This is a clever move. By offering some glitz and glamor he is widening his audience. Big thinkers in the audience will be put off by this visual bling, but the message is not for them. “I Am” doesn’t preach to the audience, rather it assumes that most of the people in the theater will resist the message.
Though the movie ends with the admonition to give everyone a hug, the lead-up is a bit more profound. The Heads tell us that while society works as an efficient machine with each of us as a functioning component, humans are ultimately isolated from each other. And while there is the standard notion that man is a savage beast, we are actually pretty tuned into a group consciousness and are naturally inclined to help each other out.
Or maybe it is all a big joke. One scene has Shadyac sitting in front of a petri dish full of yogurt with electrodes and a gauge that jumps into the red every time he mentions his lawyer or his agent. The yogurt is picking up this stress vibe, he says. Yeah, right, I say.
Other times the cheap filmmaking tricks work. He tells us that when we see someone else in pain we feel that pain ourselves. Just as he says this there appears a shot of a razor blade slicing through someone’s tongue. Sure enough, you feel it in your chest.
Manipulation? Sure thing. You may not believe that humans are like flocking birds that sense direction and act on group impulses, but it’s pretty clear that this whole isolation thing has gotten out of hand.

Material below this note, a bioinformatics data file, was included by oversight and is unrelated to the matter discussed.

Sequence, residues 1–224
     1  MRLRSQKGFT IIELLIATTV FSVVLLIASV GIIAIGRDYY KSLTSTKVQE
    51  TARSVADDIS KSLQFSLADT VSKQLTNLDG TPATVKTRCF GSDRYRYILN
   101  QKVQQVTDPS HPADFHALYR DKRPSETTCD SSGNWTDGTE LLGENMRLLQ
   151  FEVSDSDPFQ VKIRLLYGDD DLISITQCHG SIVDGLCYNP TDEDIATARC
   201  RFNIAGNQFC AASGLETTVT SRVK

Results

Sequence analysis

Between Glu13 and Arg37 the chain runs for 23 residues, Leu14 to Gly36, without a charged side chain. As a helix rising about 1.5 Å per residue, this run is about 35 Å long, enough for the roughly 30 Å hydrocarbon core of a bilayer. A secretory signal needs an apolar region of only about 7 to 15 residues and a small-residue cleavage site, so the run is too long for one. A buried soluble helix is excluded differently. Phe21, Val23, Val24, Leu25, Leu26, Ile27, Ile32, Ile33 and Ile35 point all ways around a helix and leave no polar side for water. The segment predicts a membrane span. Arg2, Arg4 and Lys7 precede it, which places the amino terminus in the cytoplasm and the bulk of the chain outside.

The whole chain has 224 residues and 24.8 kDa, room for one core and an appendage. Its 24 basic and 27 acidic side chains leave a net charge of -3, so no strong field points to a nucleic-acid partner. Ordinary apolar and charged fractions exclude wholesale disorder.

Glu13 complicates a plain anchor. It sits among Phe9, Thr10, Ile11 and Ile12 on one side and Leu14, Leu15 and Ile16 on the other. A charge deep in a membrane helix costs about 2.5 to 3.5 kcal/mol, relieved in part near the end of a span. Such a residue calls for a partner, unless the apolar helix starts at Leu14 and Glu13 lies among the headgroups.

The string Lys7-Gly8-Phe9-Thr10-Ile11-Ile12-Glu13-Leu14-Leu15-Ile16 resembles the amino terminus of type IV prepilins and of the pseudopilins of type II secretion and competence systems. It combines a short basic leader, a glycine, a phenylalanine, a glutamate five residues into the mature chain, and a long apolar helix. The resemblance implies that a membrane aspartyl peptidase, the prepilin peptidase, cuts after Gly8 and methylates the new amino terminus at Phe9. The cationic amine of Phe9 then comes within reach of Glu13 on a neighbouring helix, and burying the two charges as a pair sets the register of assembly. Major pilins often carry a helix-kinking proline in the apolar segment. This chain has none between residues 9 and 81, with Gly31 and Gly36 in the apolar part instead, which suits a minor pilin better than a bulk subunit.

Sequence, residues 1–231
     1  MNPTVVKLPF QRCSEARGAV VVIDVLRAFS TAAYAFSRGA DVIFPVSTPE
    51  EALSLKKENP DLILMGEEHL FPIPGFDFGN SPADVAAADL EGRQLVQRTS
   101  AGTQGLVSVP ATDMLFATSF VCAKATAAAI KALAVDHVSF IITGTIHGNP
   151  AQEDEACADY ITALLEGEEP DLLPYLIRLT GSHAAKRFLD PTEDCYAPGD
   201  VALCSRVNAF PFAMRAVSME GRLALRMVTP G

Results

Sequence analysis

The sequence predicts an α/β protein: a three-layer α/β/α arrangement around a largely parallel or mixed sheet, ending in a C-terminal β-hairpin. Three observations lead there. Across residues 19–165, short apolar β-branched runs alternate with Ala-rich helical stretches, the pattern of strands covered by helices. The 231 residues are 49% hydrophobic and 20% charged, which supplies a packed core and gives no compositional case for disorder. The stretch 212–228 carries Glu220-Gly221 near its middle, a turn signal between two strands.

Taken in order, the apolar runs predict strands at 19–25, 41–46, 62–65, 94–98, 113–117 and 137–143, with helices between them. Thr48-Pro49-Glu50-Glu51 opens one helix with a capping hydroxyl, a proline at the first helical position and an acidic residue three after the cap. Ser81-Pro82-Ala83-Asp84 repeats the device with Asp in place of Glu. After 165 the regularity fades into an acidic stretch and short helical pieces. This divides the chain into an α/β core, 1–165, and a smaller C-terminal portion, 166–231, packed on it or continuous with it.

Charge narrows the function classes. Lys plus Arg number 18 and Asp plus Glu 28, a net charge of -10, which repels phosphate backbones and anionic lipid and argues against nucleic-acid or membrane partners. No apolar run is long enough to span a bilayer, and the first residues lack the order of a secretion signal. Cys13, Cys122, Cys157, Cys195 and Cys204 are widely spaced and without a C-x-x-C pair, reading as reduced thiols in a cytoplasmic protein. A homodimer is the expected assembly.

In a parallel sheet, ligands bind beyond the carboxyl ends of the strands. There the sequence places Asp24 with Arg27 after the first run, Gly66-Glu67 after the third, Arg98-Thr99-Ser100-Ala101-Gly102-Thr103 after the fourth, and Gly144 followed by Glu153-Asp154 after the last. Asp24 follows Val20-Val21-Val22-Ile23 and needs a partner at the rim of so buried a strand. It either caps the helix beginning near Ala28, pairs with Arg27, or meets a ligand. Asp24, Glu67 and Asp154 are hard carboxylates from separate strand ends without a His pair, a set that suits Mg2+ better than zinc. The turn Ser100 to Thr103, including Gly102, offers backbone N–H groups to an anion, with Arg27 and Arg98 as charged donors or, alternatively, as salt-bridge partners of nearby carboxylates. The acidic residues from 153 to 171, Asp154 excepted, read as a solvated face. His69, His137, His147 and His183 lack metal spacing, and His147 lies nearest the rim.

The movie-making process is now democratized, and anyone with a handheld camera and an idea can make a documentary. And since “I Am” has a pretty obvious premise, it wasn’t necessary for Shadyac to film it. Chances are he wasn’t the first to do so; with naive, hopeful kids everywhere making their own pocket documentaries, chances are that at least one of them has found this particular combination.
But as a Big Hollywood Director, Shadyac can presumably get the movie seen and get people talking about its ideas. Those of us at home may never get an emotional reaction out of a plate of yogurt, but the idea that we all sense events seconds before they happen is worth a discussion.
Shadyac is attempting to move the dialogue along, appearing at screenings and making himself available for clarification. (There is a website, www.iamthedoc.com, but be aware that showtimes and locations aren’t up to date). Unfortunately, the venues are still small towns and art houses where he is preaching to the converted. Add to this the fact that a search for the movie now pops up references to the new sci-fi thriller “I Am Number Four,” which doesn’t exactly follow the same theme. And we wonder whether Shadyac has finished his listening tour, as there seems to be no link on the website to send him a message or offer feedback.
All this will work better once the DVD is released and it can be shown in schools, retirement homes, and community centers. It also would be cool to show it in board rooms and government offices, but you’d have to make people check their smart phones at the door.
Get people talking. Get people hugging. Not a bad idea for a world where it takes a massive disaster to flush Charlie Sheen out of the news cycle.